What work then does “being there” perform for western scholars? What about for their research? Edney-Browne’s research on Afghans and drones can be classified as the “damage-centered” research that Tuck critiques and cautions against. The figure of the damaged, depleted Afghan is critical as testament and acknowledgment  of the destruction of serial war on Afghans, yet that is not how Edney-Browne positions the depleted, damaged Afghan in her drone damage narratives. Rather, the damage-centered research that results (in this case) is a tempered, yet characteristically white liberal enactment of a postcolonial, feminist-tinged critique of the inhumanity of drone war, while leaving unaddressed the daily more quotidian violence of the forever war in Afghanistan.
The Traumatized Mercenary
The “other side” lens, taken up in order to understand the other effects of drone violence, flattens the experiences of what it means to be living with drone violence by placing the drone operator on the same plane as the drone victim, who may be disfigured or have witnessed the disfigurement, mutilation, or murder of family and community. This lens implies we can only understand the violence of drones if we recognize its effects not only on those who the Global North has associated permanently with violence—the targets of the forever war—but its effects on drone operators (i.e., white settlers in the Global North).
The relatable, humanized soldier is a particularly problematic lens through which to understand global violence, especially if we consider it in the context of Australia’s four-year war crime inquiry. The report, which was released in November 2020, describes evidence of nineteen soldiers involved in the murder of thirty-nine Afghan prisoners and civilians. These murders took place within a culture of secrecy, cover-ups, and rituals of violence. The coverage of the inquiry in Australia was curiously followed by what Tuck calls the occupier’s “moves to innocence,” wherein psychiatrists and other experts expressed concern about the mental health of soldiers. Consequently, a mental health hotline was established for soldiers and military families who may have been experiencing distress over the findings of the inquiry. Meanwhile, as some Afghans in Australia observed, there was no acknowledgment of the impact this report had on the Australian Afghan community.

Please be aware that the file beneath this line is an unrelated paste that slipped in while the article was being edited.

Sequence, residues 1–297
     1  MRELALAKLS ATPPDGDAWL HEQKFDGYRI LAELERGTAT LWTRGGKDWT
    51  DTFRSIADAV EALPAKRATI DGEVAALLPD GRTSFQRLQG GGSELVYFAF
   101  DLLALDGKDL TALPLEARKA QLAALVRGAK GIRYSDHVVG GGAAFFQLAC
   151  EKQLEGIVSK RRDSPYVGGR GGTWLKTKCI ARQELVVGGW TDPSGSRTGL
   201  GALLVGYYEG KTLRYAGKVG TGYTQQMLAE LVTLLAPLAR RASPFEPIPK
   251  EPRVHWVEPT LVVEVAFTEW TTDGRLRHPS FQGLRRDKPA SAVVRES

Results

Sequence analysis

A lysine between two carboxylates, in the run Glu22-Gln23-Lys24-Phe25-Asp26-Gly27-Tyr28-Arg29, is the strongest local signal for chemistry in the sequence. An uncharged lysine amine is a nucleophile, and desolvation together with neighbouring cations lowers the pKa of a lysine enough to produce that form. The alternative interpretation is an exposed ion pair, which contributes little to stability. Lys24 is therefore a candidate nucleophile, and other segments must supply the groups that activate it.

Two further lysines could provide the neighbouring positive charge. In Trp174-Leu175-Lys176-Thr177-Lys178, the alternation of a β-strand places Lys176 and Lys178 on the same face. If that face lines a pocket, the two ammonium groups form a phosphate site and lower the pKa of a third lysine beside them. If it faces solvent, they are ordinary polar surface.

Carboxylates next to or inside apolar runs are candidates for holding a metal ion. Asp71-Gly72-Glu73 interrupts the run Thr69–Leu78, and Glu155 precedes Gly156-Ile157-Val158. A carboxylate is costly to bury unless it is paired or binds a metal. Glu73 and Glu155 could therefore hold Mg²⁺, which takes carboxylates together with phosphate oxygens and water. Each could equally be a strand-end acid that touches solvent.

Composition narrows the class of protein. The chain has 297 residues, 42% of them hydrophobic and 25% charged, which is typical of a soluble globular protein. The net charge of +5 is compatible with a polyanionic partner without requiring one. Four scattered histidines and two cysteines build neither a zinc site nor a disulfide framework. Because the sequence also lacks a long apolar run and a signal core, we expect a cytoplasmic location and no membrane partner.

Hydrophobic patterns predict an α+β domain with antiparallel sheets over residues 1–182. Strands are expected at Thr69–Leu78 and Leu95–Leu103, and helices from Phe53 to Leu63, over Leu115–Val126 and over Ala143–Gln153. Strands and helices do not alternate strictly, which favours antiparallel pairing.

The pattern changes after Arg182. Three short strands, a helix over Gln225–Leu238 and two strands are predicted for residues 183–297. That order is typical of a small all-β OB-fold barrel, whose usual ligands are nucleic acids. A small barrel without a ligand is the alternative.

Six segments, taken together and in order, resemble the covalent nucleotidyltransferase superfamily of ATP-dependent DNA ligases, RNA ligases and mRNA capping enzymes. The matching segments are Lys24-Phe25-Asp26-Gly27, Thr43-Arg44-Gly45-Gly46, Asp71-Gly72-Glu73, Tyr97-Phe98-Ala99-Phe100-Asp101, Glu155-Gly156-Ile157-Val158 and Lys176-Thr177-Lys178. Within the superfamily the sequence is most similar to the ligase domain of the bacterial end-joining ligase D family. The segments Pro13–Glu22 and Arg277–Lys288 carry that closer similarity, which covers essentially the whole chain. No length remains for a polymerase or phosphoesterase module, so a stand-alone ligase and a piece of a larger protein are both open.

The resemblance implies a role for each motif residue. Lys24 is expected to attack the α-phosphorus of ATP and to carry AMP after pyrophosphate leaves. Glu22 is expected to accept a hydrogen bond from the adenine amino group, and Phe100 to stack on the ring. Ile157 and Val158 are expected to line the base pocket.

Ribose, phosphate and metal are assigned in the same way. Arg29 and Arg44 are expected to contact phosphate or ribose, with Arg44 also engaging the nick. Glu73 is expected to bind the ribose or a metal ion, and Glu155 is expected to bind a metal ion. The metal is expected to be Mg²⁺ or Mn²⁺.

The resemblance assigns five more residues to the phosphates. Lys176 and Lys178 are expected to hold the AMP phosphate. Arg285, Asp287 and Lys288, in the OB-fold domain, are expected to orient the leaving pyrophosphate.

Though the investigation consulted Afghans as witnesses and translators, the inquiry and its coverage—like the symposium—also reveal the absence of Afghan scholars. It is the same scene of erasure. Afghans often speak from the margins, only to corroborate. Writing about the relationship between knowledge and power, Edward Said contends this relationship is not simply about representation but also about the West’s positional superiority, which allows it to have a relationship with others as objects, constituted through its regime of truth. Said references Benjamin Disraeli’s Tancred in his epigraph: “the East is a career,” a place “bright young Westerners would find to be an all-consuming passion” to fulfill fantasies of saving and discovery. Through this lens, Afghans are a non-sovereign people, through which soldiers can pursue boyhood ideals of adventure and Western scholars can fulfill their passion for mastery, building careers from the position of a detached observer.